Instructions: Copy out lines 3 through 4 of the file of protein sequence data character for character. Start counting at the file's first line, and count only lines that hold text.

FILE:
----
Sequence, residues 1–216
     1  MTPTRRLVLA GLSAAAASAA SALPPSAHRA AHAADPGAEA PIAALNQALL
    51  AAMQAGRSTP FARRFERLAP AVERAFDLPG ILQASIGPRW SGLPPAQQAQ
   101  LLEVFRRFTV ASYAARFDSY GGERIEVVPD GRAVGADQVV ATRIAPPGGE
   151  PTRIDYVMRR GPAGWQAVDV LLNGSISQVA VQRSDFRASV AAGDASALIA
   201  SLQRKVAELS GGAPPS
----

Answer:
    51  AAMQAGRSTP FARRFERLAP AVERAFDLPG ILQASIGPRW SGLPPAQQAQ
   101  LLEVFRRFTV ASYAARFDSY GGERIEVVPD GRAVGADQVV ATRIAPPGGE